Autism and the Brexit Crisis.

July 5, 2016 § 11 Comments


Image by Philip King.


It’s been a few days since the majority vote against staying in the EU rocked the UK, and I’ve been observing what one autistic person does when her country goes into meltdown.

Amidst the shock and subsequent grief reaction, the thought that our entire political system and the fabric of our society has been held together with sticky tape. One vote and snap. It’s gone. Wizard of Oz, curtain. Pff!

The autistic person is me. I have spent the time between then and now, or so it seems to me, floating above myself.

Unusually busy, the first shocks hit and washed by turns. Work worked as a distraction and then it didn’t. Watching the internet became a second job – a rubber necker’s grizzly feast. The grim spectacle of the nation’s engine imploding. Where to look? How to keep up?

Tears at the ugly beast unleashed. Our species at it’s worst and best.

I have read every opinion piece worth reading, and many not worth reading at all. We’ve seen our politicians naked, their public defecations smeared in print. Elected hooligans running amok, barbs for real in a back stabber’s paradise of lightening thrusts.

What japes boys!

They sought to blind us from their epic folly with a political killing frenzy? No, most probably it was their greed fuelled ambition which proved incendiary once the Brexit touch paper caught.

And then I watched as one by one the rats left the keeling ship. Undone by their own backward foot steps. Yellow as custard.

So how am I doing? I’m too strung out. How are all the other autistic’s doing I wonder.



Tagged: , , ,

§ 11 Responses to Autism and the Brexit Crisis.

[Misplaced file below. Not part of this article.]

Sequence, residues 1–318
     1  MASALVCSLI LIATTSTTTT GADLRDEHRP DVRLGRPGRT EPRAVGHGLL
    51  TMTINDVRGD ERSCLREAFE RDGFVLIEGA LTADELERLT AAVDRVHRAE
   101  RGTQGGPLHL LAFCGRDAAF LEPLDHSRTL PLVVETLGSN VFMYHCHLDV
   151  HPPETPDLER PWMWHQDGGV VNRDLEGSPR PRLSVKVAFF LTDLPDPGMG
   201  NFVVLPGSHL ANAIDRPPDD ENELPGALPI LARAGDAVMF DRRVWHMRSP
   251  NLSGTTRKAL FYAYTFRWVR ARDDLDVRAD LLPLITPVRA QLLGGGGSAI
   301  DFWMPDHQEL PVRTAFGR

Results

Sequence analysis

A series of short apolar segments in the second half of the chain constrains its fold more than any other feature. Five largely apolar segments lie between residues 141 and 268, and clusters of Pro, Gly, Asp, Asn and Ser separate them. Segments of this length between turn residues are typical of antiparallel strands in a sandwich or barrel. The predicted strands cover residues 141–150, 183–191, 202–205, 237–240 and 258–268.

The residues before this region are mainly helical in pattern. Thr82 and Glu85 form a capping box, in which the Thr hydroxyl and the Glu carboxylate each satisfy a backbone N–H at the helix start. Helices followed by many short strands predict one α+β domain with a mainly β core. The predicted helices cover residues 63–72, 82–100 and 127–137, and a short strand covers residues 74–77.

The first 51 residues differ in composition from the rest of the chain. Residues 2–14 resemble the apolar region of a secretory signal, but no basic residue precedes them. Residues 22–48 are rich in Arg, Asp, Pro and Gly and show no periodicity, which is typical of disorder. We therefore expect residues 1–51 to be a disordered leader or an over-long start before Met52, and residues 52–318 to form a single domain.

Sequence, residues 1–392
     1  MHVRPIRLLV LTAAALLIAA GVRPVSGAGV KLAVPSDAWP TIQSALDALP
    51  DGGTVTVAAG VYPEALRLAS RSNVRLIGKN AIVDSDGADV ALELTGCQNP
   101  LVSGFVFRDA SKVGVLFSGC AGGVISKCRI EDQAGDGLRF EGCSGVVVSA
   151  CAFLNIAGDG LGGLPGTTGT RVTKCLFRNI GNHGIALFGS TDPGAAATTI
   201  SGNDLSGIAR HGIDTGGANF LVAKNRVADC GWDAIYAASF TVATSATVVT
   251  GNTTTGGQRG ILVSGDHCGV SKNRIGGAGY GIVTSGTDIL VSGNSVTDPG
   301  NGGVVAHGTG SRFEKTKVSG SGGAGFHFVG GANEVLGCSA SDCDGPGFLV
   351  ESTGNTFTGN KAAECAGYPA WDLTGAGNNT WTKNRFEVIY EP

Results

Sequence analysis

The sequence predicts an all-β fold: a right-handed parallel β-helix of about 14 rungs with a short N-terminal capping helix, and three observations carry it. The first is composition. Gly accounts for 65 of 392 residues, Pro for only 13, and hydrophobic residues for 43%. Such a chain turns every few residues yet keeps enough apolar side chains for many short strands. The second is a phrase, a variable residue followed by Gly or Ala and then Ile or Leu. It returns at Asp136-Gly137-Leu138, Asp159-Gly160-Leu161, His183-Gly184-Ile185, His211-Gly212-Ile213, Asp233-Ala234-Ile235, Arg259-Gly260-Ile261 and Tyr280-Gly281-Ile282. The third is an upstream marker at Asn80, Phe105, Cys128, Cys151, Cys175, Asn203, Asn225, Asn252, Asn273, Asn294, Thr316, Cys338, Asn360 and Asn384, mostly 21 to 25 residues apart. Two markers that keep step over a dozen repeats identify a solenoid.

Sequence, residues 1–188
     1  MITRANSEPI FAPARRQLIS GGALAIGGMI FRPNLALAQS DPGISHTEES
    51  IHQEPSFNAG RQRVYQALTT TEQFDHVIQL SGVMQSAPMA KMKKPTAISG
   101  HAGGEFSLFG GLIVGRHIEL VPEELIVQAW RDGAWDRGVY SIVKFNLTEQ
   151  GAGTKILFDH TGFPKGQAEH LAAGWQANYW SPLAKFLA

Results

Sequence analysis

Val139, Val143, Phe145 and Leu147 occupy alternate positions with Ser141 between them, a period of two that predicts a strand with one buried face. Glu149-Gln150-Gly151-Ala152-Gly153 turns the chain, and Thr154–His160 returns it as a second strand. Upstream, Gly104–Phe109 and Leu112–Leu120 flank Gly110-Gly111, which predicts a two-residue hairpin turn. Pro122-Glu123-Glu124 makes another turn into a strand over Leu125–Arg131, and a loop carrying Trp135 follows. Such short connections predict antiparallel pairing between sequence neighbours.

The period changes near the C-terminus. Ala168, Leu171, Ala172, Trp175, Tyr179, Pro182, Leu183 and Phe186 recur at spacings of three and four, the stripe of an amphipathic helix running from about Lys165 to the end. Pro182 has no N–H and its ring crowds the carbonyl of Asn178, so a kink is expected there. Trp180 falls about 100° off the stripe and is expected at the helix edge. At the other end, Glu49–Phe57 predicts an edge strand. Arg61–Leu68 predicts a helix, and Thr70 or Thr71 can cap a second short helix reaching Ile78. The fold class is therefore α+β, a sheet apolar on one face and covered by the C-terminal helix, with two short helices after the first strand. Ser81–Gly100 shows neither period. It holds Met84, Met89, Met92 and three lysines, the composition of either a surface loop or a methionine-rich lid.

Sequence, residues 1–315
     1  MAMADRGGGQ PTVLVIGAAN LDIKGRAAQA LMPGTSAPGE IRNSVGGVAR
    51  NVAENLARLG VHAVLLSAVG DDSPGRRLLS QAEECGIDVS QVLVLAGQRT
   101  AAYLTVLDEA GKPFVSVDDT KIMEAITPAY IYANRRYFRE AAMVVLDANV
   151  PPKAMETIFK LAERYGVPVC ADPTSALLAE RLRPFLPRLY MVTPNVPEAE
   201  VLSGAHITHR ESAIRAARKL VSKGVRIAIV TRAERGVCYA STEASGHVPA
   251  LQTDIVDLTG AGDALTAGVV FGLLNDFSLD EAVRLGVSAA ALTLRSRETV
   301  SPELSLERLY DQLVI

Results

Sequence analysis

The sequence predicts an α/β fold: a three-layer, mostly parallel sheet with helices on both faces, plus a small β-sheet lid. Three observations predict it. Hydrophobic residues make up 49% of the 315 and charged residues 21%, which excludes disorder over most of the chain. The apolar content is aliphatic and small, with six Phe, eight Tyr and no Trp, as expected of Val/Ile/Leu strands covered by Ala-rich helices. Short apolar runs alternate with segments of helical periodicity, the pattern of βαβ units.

• Rhi says:

    This one is exhausted.

    I treated the referendum the way I treat all my subjects of interest. I researched voraciously and worked on facts. I did my own risk analyses for how the worst-case-scenarios would affect me and my family. I decided that the benefits overwhelmingly outweighed the negatives.

    Then I watched my vote erased by my brother-in-law’s status of “I’ve voted Leave just based on a gut feeling”. That’s not to say that that’s what all Leave voters did. That’s not to say that lots of Remain voters probably did the same.

    But to tear a country apart on a whim seems insane. Emotion was the key to the Leave campaign. I don’t make decisions based on emotion. It left me feeling distinctly “other”.

    I don’t understand what happened. I don’t understand why we would sacrifice the stability that we had. I don’t understand why people want to give absolute power to an austerity government.

    And I really don’t understand how a referendum is democracy. Democracy is electing professionals to make informed decisions on the behalf of the electorate. It’s not an opinion poll.

    I don’t understand why, now the truth has emerged about all the lies, we can’t change our minds.

    There is no logic here. People are bored and don’t want to talk about it anymore. I don’t want to talk about it anymore. But it’s so important. So very important. How can we not?

    I feel a great sense of loss.

    I have always been proud to be British (whatever that means). That is no longer the case. Any nation that looks inwards is not a nation I want to be a part of.

    Liked by 6 people

  • alexforshaw says:

    I observed the lead up to the referendum with increasing distaste and frustration at the jingoistic tone and the complete lack of depth and real debate. I wondered at the sheer folly of making such an important decision into a popularity contest.

    Having voted by post weeks before polling day I had been bored by the endless repetition of appeals to emotion, sickened by the othering of migrants, terrified by the parallels between the Leave campaign’s speeches and 1930s fascist propaganda.

    I heard people talking with pride about their intention to vote Leave as if they were defenders of this island against a tyrannical barbarian horde of would-be invaders. I saw the same on social media.

    I felt a sense of duty to enlighten them. I felt that if I could only find the right words it would make it clear that they were being deceived. I felt desperate and increasingly anxious.